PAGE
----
"...but for the majority of cases, stifling the Big Brother advice (eg. the Guidelines) might help people trust their own body cues..."

    I don't question your credentials, but I do question the argument. You pose a number of interesting ideas -- that the messages of experts affect eating decisions, that internal cues are intrinsically healthy, that the health and nutrition culture of the last 30 years differs fundamentally from the previous 30, and that government publication of nutrition guidelines means the meddling Gubmint is "trying" to get us to eat in a particular way -- NONE of which are supported by evidence.

    Frankly, I think it's very likely that participants in an obesity workshop are desperate for any place to dump their responsibility. You've already admitted that the obese know how to eat. I agree that obesity is -- in some cases -- complex. In others it's quite simple: too many calories and sedentary lifestyle. We all make choices that define our lives. Someone who knows the "right" way to eat and chooses not to has no one to blame but himself.

    You also fail to address two issues of great importance to obesity: the steady decline in cost per calorie over the last 100 years, and the degree to which most people's life are entirely sedentary. And while I don't know your thinking well enough to accuse you of it, I suspect you omit these issues because they're harder to spin into partisan rhetoric.

  7. Clay, thank you for your thoughtful comment. The points you claim are not supported by evidence actually all have solid research backing them up, all cited in a book I'm working on related to this issue.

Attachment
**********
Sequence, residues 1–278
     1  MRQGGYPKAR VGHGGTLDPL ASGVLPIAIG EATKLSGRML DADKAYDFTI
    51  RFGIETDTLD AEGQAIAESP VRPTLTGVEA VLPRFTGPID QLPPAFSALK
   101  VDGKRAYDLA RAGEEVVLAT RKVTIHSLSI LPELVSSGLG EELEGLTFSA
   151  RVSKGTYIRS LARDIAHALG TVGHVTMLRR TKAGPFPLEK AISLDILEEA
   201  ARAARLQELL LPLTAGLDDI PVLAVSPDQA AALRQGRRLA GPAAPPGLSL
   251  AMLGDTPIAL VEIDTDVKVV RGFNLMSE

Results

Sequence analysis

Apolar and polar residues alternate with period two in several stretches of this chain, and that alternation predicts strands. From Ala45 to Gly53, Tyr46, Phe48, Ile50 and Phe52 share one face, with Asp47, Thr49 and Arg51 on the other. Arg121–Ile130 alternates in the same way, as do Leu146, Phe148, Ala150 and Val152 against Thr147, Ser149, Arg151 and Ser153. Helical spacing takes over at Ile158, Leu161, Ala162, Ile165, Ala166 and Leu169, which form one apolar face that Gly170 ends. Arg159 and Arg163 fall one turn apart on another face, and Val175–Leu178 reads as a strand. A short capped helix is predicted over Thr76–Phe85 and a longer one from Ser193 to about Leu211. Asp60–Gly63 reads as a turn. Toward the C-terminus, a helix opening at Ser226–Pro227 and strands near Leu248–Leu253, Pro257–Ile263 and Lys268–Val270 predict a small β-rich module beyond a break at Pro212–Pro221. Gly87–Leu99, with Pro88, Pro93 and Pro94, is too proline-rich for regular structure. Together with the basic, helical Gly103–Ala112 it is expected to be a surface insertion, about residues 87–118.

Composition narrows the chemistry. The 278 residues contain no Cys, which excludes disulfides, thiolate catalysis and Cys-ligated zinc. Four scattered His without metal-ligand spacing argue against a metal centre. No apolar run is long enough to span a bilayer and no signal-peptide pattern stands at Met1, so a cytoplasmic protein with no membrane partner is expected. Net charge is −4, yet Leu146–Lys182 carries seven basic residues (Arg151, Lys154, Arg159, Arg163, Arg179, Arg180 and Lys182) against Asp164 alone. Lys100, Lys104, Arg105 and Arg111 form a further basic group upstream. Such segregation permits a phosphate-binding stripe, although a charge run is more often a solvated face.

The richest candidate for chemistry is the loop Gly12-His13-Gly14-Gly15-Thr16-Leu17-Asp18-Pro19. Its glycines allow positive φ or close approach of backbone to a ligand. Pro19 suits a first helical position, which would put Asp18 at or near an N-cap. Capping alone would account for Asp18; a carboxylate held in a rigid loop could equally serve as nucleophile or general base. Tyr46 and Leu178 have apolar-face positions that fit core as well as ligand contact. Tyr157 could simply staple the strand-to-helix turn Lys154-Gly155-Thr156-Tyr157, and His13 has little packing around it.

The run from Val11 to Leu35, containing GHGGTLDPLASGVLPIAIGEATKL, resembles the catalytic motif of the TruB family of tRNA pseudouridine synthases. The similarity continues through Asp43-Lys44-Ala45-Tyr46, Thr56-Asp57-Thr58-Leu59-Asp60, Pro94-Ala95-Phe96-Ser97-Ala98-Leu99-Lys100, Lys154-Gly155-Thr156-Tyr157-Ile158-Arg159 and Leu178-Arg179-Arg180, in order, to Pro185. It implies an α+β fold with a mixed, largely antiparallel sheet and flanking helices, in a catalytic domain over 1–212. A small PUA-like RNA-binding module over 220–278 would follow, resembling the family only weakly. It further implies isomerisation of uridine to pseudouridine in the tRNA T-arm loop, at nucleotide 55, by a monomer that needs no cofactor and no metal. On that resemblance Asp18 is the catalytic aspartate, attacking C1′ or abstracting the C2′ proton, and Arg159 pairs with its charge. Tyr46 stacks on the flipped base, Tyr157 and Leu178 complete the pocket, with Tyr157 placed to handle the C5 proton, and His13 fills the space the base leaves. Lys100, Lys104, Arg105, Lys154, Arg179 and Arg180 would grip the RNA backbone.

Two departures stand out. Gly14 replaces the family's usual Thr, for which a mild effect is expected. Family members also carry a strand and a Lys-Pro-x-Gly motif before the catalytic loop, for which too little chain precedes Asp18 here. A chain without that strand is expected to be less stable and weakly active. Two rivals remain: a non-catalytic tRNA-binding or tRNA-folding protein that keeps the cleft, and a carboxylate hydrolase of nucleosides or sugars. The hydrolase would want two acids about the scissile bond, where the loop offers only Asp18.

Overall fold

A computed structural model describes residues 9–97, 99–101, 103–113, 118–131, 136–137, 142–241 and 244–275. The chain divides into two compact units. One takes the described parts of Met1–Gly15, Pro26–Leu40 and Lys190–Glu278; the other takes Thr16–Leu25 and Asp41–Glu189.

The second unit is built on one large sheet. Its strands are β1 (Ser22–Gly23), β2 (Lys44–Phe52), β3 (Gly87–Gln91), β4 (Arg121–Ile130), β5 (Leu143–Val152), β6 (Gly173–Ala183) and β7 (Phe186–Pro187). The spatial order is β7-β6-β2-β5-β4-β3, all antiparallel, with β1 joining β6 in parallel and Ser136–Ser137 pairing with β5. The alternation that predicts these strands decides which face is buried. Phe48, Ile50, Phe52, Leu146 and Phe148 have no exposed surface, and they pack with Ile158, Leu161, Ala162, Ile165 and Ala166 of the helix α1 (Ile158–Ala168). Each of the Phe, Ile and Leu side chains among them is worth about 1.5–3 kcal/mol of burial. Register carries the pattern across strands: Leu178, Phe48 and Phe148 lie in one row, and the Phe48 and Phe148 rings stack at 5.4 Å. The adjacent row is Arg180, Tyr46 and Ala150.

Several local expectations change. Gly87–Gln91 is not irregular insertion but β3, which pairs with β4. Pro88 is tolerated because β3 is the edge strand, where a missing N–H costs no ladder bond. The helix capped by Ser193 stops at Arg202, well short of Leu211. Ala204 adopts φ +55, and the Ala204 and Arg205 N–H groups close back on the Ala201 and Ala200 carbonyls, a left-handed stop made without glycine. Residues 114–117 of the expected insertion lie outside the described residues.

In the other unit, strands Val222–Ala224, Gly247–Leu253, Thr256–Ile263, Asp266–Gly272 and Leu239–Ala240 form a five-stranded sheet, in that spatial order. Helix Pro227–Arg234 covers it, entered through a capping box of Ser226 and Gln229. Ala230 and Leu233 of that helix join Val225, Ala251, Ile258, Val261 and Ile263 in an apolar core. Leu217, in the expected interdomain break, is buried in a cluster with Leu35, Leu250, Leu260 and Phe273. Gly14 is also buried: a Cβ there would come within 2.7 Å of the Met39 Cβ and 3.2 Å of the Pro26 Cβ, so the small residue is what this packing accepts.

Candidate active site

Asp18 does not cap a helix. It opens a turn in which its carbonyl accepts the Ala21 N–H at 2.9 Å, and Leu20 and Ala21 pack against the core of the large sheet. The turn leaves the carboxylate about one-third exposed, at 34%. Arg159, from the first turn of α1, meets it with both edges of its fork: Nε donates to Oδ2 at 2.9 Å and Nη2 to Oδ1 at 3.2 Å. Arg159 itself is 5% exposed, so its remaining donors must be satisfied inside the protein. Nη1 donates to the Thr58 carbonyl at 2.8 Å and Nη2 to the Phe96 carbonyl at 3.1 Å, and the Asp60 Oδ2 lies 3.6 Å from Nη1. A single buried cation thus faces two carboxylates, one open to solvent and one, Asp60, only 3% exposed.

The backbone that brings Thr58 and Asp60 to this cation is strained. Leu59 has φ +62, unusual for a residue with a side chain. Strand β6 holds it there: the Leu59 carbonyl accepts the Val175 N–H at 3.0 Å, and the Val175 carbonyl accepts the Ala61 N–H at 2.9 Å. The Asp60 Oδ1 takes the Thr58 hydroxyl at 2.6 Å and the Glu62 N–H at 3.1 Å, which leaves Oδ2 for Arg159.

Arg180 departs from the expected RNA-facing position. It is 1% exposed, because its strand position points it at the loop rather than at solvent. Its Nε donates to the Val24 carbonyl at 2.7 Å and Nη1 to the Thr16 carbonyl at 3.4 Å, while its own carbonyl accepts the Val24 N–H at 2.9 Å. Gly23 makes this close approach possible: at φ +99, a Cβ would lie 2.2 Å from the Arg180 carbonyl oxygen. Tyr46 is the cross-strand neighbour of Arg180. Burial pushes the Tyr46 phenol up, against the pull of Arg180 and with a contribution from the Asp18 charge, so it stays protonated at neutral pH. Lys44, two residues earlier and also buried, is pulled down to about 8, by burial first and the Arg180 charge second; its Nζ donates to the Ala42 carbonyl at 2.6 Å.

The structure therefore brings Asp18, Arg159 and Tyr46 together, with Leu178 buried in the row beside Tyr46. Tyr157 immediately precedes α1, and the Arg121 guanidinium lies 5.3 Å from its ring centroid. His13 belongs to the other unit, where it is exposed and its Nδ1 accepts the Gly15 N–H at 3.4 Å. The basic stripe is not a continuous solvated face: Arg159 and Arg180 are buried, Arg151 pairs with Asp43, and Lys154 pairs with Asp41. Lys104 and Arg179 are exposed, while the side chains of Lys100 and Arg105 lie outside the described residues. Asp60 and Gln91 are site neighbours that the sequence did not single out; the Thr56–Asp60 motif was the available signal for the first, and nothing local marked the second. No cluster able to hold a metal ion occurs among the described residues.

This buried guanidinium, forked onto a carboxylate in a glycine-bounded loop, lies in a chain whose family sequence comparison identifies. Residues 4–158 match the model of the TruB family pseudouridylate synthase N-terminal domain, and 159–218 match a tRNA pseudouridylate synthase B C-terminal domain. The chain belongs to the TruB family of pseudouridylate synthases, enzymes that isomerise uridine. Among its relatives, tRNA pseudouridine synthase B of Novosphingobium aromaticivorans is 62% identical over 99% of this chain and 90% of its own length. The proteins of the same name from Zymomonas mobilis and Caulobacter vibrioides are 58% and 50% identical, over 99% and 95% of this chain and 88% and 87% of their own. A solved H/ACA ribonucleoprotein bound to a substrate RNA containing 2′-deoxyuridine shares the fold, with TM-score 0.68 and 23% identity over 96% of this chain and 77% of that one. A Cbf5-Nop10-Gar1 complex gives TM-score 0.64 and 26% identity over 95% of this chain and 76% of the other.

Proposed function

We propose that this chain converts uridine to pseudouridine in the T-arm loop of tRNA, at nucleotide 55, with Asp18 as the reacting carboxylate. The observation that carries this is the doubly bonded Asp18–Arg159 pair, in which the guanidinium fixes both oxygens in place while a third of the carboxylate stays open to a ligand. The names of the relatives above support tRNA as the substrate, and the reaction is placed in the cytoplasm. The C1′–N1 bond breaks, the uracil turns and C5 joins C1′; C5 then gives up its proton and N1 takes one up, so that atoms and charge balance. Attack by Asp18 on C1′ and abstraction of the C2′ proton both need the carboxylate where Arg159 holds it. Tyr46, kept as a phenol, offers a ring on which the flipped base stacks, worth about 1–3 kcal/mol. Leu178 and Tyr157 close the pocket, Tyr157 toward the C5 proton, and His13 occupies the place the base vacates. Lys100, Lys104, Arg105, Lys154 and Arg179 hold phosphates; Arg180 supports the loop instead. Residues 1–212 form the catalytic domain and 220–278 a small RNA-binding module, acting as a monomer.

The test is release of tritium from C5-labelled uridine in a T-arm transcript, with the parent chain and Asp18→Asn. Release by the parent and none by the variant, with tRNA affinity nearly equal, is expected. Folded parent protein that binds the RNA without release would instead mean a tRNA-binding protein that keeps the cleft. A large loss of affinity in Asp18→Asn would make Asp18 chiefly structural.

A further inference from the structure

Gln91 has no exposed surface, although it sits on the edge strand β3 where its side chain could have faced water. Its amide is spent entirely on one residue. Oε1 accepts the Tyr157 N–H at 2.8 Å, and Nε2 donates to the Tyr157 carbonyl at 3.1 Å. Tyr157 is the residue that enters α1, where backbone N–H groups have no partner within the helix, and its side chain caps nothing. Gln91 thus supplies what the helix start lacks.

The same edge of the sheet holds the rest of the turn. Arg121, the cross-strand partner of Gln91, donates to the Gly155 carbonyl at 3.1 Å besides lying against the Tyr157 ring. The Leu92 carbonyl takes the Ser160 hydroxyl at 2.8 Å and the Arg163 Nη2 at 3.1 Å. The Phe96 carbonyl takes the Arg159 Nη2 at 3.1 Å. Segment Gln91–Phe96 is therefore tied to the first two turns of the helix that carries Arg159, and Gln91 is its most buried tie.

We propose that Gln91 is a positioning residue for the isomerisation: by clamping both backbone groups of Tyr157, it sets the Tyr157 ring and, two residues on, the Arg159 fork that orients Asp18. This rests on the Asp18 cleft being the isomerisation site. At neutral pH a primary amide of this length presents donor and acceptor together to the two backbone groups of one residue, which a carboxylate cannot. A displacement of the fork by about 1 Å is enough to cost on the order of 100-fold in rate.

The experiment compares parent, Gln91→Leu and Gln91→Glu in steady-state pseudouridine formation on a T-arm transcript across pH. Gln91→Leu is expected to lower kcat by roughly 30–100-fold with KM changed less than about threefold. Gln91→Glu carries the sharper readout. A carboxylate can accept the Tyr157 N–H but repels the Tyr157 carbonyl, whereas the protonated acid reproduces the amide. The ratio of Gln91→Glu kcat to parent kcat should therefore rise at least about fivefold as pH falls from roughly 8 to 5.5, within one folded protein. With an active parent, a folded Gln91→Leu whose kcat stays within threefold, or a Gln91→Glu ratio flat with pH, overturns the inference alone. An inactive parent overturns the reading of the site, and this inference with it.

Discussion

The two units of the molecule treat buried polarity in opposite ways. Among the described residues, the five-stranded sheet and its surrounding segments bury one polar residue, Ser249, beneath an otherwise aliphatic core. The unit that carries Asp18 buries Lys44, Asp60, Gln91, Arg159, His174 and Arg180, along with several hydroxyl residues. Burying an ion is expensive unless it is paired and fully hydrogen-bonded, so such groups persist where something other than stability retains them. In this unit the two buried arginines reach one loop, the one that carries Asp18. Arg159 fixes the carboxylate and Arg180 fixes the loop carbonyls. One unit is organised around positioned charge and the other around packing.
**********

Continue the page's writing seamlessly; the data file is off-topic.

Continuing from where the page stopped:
Recently, research has found many factors that could cause the rise in obesity, not related to "too many calories and a sedentary lifestyle," though of course in many cases those are exactly the culprits.

    However, the way bodies USE calories varies; the amount of leptin, discovered relatively recently, plays a part, as well as, perhaps, the Adenovirus 36, and, likely, other factors that determine one's "setpoint" (which is resistant to change). Several studies have found that obese and normal people consume very similar amounts of calories--and even when activity is controlled for, some people are obese, and others not. Genetics are implicated, but other factors as well.

    It seems research disputes the generalization that the national obesity problem is something that can be controlled by will-power and more exercise--alas. And so, Dietary Guidelines that insist on it are not realistic.

    Btw, my workshops are mainly populated by normal-sized people, not the obese--distress over food and weight is endemic in our culture.